WASHINGTON -- In a significant victory for the Bush administration, the Supreme Court yesterday left intact the toughened capital requirements that form the backbone of the savings and loan rescue law.

The court's justices declined to hear an appeal by Franklin Federal Savings Bank, which was challenging provisions of the Financial Institutions Reform, Recovery, and Enforcement Act of 1989. Among other things, the law limits the use of accounting gimmicks to bolster capital.

Franklin filed suit against the Office of Thrift Supervision because the agency would not honor an agreement reached with the office's predecessor, the Federal Home Loan Bank Board. Under that agreement, the thrift, located in Morristown, Tenn., was allowed to account for the negative net worth of a thrift in acquired over a 25-year period.

Franklin received permission in 1989 from the now-defunct bank board as part of an agreement to salvage Morristown Federal Savings & Loan Association, which was located in the same city. As part of the deal, Franklin agreed to assume Morristown's negative net worth. In return, the bank board agreed to let Franklin carry the deficit net worth as supervisory goodwill on its books.

But later in 1989, Congress passed the Financial Institutions Reform, Recovery, and Enforcement Act -- more commonly known as the thrift bailout law -- under which the bank board was disbanded and replaced by the Office of Thrift Supervision and capital requirements for thrifts were strengthened.

That law requires thrifts to maintain core capital at levels "not less than 3% of the savings association's assets," and mandates that supervisory goodwill may account for but a small portion of core capital. In addition, the law mandates that supervisory goodwill included in core capital must be amortized fully in a maximum of 20 years.

Congressional debate over the capital provisions was lively, prompted by the concerns of some lawmakers that individuals and corporations would refuse to continue to negotiate with the federal government if they knew their agreements could be undone by legislation.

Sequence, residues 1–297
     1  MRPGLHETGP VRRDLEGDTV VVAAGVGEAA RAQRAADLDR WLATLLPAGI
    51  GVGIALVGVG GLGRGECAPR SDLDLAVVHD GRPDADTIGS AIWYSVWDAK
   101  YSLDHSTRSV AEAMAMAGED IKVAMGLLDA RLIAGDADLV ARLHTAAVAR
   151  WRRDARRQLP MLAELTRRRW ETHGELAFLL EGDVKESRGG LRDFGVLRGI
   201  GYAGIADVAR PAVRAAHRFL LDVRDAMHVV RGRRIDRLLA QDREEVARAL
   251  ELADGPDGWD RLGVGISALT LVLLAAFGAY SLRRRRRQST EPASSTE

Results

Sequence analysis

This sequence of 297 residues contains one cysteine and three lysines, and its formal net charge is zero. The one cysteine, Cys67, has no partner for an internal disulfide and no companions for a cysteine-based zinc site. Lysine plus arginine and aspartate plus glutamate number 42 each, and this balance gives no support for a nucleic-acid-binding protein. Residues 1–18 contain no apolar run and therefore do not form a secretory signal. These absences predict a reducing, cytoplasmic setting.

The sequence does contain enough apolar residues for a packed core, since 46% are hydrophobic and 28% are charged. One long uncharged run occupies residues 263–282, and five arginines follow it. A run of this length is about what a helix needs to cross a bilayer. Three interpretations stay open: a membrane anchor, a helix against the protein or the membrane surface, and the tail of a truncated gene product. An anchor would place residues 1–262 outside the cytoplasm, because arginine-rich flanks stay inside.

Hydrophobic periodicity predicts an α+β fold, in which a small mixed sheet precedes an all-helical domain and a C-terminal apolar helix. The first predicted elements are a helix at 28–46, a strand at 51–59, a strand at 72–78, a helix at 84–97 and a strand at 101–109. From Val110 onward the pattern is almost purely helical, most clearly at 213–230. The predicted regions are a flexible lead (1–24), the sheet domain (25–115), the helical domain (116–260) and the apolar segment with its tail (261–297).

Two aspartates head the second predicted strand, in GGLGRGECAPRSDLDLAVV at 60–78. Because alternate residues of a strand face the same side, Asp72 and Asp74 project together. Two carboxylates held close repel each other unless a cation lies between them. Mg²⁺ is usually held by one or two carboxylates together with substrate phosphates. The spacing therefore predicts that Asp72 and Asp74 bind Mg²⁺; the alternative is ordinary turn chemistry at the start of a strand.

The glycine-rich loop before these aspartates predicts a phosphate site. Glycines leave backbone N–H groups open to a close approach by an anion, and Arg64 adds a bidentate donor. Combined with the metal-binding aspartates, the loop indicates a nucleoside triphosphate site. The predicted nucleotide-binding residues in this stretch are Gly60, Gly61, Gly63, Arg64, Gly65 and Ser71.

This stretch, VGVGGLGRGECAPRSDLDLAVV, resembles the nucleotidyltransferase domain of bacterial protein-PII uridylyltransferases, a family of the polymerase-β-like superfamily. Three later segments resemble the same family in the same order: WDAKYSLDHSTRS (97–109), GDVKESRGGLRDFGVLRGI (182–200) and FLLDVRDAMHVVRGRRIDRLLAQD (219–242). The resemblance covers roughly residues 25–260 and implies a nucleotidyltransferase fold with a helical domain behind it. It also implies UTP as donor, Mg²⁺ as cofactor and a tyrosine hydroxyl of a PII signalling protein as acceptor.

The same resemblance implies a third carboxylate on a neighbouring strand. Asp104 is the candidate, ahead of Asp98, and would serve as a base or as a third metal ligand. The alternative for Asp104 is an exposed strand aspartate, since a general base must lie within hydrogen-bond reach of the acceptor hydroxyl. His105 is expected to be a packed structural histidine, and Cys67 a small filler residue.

Rep. John LaFalce, D-N.Y., in particular expressed concerns that the capital requirements spelled out in the thrift bailout law would prompt a flood of lawsuits against the federal government. But proponents countered that weak capital standards were in large part responsible for the thrift crisis and said the bank board's agreements only made things worse.

Franklin filed suit in the U.S. District Court for the Eastern District of Tennessee to prevent the Office of Thrift Supervision from enforcing the new law against it.

The district court concluded the thrift had a valid contract with the federal government and forbade the Office of Thrift Supervision to abrogate the agreement. On appeal, however, the U.S. Court of Appeals for the Sixth Circuit held that if Franklin had a valid contract with the federal government, provisions of the thrift bailout law superceded it.

The Supreme Court's refusal to review the appeals court's ruling may not end the matter. A host of federal district courts have addressed the goodwill issue, with varying outcomes. Currently, however, only the U.S. courts of appeal for the sixth and eleventh circuits have decided the matter, and both have agreed that the thrift bailout law supercedes any goodwill agreements the Bank Board made with thrifts.

Should another federal appeals court reach a contrary ruling, a conflict would exist in the circuits, inviting Supreme Court review.

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